Would Sherlock Holmes be a coke addict today? It’s an interesting question
US opioid sales quadrupled from 1999-2010, but there can serious side effects even when taken as directed
Legions of Benedict Cumberbatch fans will be delighted with the news that filming has just got under way for the fourth Sherlock Holmesseries. Feature- length episodes are due to hit our screens in the autumn.
With a modern rather than a Victorian setting, the writers had to decide how to tackle the issue of Holmes’s addiction to cocaine and opium when the series began. Steven Moffat said: “I think you’d have to ask the question would a man like Sherlock Holmes be a coke addict today? In Victorian times everybody was taking some kind of drug, largely because there was no such thing as a painkiller. It is a very different thing to say that Sherlock Holmes is a coke addict now.”
It’s an interesting perspective. There has been an explosion in opiate prescribing, especially in North America. US opioid sales quadrupled between 1999 and 2010. This was in part a response to undertreatment of patients receiving palliative care and those with acute pain. However, opioid therapy for chronic musculoskeletal pain, including back pain, also grew substantially and disproportionately. And as US opioid sales quadrupled, admissions to substance misuse treatment programmes and opioid- related overdose deaths also increased fourfold.
Opiate prescribing dates back to Sir Thomas Sydenham, who, in the 1660s, promoted laudanum, a tincture of opium and alcohol. Sir William Osler, a famously cautious prescriber, called it “God’s own medicine”. For the first time doctors had access to a reliable painkiller, a sedative and, because of its tendency to constipate, a useful treatment for diarrhoea.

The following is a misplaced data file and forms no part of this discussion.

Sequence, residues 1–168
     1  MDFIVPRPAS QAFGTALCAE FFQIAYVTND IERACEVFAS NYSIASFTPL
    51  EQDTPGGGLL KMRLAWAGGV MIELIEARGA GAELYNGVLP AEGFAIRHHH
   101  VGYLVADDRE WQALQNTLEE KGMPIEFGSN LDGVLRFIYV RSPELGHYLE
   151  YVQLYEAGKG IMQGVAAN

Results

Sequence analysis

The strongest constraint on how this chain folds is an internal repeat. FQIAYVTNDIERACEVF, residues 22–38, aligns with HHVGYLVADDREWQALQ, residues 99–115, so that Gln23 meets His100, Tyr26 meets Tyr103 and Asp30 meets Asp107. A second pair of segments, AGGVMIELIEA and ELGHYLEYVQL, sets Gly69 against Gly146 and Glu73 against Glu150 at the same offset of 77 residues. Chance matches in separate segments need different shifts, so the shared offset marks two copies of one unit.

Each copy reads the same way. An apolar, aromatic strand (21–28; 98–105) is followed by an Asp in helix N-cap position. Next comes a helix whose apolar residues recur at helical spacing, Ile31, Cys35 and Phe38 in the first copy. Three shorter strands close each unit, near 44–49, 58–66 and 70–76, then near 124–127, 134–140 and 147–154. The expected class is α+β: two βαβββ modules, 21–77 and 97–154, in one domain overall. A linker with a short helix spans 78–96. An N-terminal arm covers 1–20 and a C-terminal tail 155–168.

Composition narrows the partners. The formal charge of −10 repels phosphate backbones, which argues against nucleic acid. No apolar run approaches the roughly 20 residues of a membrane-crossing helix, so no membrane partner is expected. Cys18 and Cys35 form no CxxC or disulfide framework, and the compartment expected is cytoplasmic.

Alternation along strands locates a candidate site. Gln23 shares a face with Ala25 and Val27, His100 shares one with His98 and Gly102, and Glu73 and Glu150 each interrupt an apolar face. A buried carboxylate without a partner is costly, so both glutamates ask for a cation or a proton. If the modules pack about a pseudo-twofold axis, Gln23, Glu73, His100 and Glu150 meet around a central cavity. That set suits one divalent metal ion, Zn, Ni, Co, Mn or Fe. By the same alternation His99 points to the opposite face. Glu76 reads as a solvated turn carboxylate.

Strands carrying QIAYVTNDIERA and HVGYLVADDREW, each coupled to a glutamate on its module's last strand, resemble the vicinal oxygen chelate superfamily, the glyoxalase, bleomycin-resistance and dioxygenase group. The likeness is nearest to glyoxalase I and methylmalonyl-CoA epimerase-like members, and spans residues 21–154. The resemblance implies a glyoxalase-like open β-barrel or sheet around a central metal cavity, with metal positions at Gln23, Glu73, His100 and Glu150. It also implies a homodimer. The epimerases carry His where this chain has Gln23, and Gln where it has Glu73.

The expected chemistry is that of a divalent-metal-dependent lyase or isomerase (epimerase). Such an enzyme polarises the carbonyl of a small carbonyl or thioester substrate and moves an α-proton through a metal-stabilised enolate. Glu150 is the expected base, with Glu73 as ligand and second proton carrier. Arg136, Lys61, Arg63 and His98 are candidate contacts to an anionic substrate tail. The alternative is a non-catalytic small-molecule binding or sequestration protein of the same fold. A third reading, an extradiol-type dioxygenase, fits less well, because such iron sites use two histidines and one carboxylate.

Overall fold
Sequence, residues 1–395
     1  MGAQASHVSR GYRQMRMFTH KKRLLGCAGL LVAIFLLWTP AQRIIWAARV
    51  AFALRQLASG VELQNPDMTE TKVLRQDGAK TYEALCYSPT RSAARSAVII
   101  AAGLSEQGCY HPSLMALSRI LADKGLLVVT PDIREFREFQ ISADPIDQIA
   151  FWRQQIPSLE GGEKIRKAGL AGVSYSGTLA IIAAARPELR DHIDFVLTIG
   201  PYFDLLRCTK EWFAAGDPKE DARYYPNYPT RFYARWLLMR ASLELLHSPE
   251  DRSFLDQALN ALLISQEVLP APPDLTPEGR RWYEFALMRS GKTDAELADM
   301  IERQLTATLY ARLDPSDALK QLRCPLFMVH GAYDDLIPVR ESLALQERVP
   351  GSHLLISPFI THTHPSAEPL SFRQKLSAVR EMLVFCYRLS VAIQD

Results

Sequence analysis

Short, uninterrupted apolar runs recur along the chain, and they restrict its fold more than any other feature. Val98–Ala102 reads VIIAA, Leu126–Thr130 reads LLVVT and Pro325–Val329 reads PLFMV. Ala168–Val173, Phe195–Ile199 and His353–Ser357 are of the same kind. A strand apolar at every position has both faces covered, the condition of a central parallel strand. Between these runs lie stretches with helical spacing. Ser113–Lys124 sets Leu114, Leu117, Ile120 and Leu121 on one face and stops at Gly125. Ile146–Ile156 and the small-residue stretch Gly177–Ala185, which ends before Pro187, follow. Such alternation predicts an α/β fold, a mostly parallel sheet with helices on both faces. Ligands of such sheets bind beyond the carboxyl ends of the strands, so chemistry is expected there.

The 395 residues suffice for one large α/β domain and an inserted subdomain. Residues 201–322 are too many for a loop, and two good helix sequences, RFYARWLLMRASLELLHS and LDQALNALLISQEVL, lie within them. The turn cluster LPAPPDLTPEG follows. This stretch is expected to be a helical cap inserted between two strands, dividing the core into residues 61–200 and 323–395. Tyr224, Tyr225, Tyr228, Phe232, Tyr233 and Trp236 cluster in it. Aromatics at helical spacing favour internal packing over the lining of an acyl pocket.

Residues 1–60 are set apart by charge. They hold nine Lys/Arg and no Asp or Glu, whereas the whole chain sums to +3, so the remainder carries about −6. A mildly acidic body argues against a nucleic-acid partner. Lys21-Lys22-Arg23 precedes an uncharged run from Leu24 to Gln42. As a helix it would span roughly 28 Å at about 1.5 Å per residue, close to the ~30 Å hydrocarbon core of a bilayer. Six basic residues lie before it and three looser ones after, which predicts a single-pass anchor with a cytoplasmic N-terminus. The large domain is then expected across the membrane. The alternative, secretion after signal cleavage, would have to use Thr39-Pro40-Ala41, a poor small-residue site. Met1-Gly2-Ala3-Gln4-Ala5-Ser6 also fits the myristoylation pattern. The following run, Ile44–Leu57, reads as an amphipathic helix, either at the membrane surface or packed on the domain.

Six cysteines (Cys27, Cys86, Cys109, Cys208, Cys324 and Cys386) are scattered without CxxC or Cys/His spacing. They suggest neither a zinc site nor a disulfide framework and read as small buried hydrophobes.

People bought opiates in much the same way as they buy paracetamol today: patented formulations such as Dover’s powder were kept in the kitchen cupboard. Godfrey’s Cordial or Street’s Infants’ Quietness not only reduced colic in infants but made it easier to sedate children. The intoxicant effects of opium were also appreciated – brewers added it to their products.
Opiates are compounds found naturally in the opium poppy plant Papaver somniferum. Heroin is perhaps the most famous opiate, but there are numerous derivatives including methadone, oxycodone and fentanyl.
Some experts rank heroin as the most addictive drug. It causes the level of dopamine in the brain’s reward system to increase by up to 200 per cent. In addition to being arguably the most addictive drug, heroin is dangerous, too, because the dose that can cause death is only five times greater than the dose required to experience a high.
By 2010, deaths related to prescription opioid overdose had reached 16,500 a year in the US, far exceeding deaths from cocaine or heroin. Deaths from prescription opioids have also increased in the UK. The Centres for Disease Control (CDC) reckon as many as one in four people receiving prescription opioids in a primary-care setting struggles with addiction.
Earlier this year the CDC issued a formal warning to doctors about opiate prescribing. Acknowledging the important role of opiates in relieving suffering for patients with active cancer or others in hospice or palliative care, it noted that “studies are not available to indicate whether opioids control chronic pain well when used long-term”.
In addition to the serious risks of addiction and overdose, the use of prescription opioids can have a number of side effects, even when taken as directed. These include: physical dependence (ie symptoms of withdrawal when the medication is stopped); increased sensitivity to pain; vomiting; drowsiness; itching and sweating; and depression.
No one likes being in chronic pain for months or more. But before you move to a prescribed opiate for non- malignant pain it’s important to discuss with your doctor all pain treatment options. Be open about past or current drug and alcohol use. And have a detailed discussion about the risks and benefits of taking prescription opioids.